From what I know, many of the UMNO elite and their children who have studied overseas, have extremely poor skills in English.

    I have met some of them and they seem embarrassed to talk to me despite the fact that they travel overseas frequently to Europe, UK, the US, etc.

    This business of making English a must-pass subject is interesting because I suspect that the bar will be set really really low – just like all the subjects in all those other half-past-six universities that infest Malaysia.

    We will probably end up with many Malaysians who have a false sense of confidence in their ability just like all those half-baked graduates I have met.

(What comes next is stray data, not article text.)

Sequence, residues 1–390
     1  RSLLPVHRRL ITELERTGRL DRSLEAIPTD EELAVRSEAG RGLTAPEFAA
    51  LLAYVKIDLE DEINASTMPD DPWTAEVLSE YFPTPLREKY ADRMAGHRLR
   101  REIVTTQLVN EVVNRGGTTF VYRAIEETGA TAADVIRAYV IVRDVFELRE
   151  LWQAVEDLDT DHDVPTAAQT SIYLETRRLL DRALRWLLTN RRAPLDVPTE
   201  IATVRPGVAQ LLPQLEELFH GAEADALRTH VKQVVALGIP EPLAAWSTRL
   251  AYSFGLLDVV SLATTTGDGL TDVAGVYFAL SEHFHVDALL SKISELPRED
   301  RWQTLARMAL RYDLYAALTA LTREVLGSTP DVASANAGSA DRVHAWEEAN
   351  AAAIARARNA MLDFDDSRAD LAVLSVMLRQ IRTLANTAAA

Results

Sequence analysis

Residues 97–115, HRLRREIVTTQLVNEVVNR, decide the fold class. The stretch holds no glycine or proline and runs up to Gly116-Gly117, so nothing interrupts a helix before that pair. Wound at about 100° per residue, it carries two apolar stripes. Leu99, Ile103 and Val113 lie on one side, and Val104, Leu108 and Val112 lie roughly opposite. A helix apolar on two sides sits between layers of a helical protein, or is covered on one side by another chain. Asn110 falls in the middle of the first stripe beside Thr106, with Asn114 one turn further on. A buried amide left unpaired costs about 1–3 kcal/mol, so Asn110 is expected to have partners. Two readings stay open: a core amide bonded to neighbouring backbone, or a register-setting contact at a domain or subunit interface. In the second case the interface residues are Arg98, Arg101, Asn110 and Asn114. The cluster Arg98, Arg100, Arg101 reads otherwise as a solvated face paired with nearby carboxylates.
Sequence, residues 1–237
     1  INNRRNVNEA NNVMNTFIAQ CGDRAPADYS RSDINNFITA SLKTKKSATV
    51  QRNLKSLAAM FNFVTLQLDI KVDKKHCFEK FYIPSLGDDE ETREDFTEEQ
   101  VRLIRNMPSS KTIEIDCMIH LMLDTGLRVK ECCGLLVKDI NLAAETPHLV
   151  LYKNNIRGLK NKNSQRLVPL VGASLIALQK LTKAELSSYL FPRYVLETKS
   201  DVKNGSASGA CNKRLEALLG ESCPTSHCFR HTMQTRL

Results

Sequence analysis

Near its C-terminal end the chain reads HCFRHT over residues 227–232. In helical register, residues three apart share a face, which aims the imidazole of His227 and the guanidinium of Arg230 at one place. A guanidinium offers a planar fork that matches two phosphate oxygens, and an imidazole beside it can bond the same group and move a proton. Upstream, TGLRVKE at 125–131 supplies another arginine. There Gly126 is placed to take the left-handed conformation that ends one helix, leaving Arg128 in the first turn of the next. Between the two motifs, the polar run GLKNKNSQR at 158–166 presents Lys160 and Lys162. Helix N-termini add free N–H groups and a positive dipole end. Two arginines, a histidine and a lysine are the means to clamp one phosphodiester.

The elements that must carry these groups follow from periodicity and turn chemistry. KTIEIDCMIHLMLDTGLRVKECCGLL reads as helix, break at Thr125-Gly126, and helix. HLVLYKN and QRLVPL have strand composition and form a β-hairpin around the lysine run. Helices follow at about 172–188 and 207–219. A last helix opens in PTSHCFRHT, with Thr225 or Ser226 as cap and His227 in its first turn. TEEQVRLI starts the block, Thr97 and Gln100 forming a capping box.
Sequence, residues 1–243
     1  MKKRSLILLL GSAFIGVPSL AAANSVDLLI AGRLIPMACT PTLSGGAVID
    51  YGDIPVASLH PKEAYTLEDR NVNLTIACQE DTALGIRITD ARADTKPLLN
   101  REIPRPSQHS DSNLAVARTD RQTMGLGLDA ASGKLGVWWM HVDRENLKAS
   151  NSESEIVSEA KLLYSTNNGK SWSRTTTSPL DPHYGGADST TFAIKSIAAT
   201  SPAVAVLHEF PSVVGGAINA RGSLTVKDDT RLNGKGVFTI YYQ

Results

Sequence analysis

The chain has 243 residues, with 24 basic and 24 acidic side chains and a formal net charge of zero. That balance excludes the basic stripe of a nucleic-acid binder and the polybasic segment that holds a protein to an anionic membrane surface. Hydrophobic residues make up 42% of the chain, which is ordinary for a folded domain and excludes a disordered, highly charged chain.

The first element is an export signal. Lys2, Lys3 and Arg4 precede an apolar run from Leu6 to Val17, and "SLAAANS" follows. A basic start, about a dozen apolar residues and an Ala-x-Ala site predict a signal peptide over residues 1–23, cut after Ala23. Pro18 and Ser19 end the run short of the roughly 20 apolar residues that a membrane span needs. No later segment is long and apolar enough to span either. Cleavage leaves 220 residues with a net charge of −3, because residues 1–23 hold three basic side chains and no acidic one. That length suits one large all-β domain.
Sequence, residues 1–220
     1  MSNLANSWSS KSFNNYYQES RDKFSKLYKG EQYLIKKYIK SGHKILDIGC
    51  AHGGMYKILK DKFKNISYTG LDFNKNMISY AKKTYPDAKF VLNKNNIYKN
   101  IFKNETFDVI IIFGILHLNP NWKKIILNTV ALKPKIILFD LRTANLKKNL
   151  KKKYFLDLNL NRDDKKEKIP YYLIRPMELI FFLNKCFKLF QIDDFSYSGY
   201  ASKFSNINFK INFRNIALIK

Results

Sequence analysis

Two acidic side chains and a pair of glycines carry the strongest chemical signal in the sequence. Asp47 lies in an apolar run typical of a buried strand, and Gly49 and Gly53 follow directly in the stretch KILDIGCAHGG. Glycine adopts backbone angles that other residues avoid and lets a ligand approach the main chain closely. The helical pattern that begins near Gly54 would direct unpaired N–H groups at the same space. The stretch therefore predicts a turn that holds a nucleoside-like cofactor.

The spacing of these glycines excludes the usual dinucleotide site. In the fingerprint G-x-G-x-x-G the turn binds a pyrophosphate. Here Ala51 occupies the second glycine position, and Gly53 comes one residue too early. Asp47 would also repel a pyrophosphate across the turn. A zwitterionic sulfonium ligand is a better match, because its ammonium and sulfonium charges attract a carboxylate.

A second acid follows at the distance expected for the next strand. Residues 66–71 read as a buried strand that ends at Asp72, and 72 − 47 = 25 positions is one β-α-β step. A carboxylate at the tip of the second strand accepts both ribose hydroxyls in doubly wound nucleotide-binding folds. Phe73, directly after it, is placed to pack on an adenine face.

6. #6 by cemerlang on Saturday, 14 September 2013 - 9:10 pm

    Between today and 2016, anything can happen. Politics is like magic. Now you see it. Now you don’t. Then you see it again. Then you don’t. Like you can mean when you don’t. Or you don’t mean it when you do.

  7. #7 by rockdaboat on Saturday, 14 September 2013 - 11:05 pm

    Why bother to learn English?

    Whoever and whichever country that wants to deal with Malaysia must use Bahasa Melayu.

    Those who don’t want to use Bahasa Melayu in dealing with Malaysia can always go to other countries!!!

    This is, taking the cue from our learned Ministers.

    • #8 by cemerlang on Sunday, 15 September 2013 - 9:57 pm

      Like in Japan, South Korea and yet Malaysian youths are singing their K pop, J pop…M pop anyone ?

  8. #9 by sheriff singh on Sunday, 15 September 2013 - 2:26 am